“Corruption in Afghanistan has reached peak; it is the duty of all Afghans to curb it. I am a teacher. My students and colleagues would not accept corruption,” said Khalil Seddiqi, another participant.
However, Zakaria Barak said: “People cannot do anything to counter corruption, because corrupt elements are supported by the government.”
Most of those interviewed denounced corruption, saying they would share the glaring issue on social media with the people and inform media outlets and other sources.
But Hamidullah Sohail wrote: “Only public trial and execution of corrupt individuals, irrespective of their ranks or positions, can eliminate corruption form society.”
Participation in demos
Fifty-three percent of the people interviewed as part of survey were ready to take part in anti-corruption protests. However, seven percent of the respondents refused to join the ant-corruption struggle.
Niamatullah Zafari, a government employee, agreed corruption within the government had affected citizens and everybody complained of it. He made clear getting rid of the evil was the responsibility of all Afghans. He would be pleased to take part in any anti-corruption protest.
Majority of survey participants said they would be happy to apply for the membership of civil society organisations that worked for the elimination of corruption. But some refused to get the membership of such bodies.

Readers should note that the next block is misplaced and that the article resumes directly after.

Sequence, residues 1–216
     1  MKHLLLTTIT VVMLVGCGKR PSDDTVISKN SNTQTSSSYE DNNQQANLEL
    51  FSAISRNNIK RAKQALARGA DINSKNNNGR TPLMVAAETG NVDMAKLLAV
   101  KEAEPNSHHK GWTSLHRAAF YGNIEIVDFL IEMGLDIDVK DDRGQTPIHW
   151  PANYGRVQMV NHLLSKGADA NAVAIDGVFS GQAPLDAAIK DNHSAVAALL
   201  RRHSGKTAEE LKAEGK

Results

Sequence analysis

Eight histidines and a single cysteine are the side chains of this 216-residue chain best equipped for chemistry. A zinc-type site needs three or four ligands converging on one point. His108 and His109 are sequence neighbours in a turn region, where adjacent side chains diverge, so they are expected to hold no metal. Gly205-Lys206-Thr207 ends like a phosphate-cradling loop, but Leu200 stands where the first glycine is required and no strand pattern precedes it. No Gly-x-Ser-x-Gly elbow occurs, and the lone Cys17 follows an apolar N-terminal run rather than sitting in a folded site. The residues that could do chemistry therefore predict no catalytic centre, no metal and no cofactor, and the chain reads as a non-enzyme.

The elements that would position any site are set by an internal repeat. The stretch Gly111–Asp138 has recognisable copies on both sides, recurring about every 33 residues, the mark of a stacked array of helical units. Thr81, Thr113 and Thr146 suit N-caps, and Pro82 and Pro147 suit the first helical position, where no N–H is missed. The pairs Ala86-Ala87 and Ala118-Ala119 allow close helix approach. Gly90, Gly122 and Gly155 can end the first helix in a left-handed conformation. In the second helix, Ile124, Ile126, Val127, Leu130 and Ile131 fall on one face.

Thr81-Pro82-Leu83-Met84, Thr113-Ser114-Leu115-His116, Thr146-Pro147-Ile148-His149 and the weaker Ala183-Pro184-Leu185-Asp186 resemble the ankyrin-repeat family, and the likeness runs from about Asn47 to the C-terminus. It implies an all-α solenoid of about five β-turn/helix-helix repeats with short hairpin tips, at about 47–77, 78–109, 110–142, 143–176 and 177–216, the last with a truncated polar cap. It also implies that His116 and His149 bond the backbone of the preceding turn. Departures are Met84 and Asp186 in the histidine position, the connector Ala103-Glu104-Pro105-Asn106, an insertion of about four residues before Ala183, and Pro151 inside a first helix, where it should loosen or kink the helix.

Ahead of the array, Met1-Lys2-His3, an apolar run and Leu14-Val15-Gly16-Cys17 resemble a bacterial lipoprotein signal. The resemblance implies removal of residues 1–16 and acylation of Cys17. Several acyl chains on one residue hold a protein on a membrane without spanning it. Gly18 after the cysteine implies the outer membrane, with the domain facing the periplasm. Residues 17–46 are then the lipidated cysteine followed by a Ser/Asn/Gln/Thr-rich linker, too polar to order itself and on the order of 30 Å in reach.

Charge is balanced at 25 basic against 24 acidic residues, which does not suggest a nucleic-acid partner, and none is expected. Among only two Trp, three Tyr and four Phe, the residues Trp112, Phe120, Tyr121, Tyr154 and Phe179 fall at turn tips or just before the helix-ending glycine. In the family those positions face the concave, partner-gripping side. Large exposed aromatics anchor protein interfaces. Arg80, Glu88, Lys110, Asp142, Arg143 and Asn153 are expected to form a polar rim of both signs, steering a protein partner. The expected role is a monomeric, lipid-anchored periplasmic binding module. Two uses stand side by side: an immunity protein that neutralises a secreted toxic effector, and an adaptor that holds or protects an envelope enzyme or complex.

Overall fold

Sosan, coming from Kabul, said administrative corruption had reached its peak in government institutions. A strong civil movement was needed for the elimination of the scourge, she added.
She wished such an organisation was established soon. She would to be the first to seek the membership of such a body, as and when it is set up.
Reporting on corruption
Less than 50 percent of respondents knew whom they should inform of corruption. As many as 37 percent did not know which authority they should approach with corruption cases.
Shabnam, hailing from Kabul, she had not seen corruption with her own eyes. But if she witnesses it, she would contact the police, who have law-enforcement responsibility. In the second step, she would inform the media. According to Shabnam, media outlets can help a lot in the eradication of corruption.
But Maryam, who belongs to Maidan Wardak province, remarked the national unity government had been formed on the basis of corruption and it could not banish the menace. It had failed to measure up to people’s expectations, she alleged.
The survey indicated news organisations were credited, as far as public confidence is concerned. Most people preferred to contact the media but some said they would ask police to curb such cases.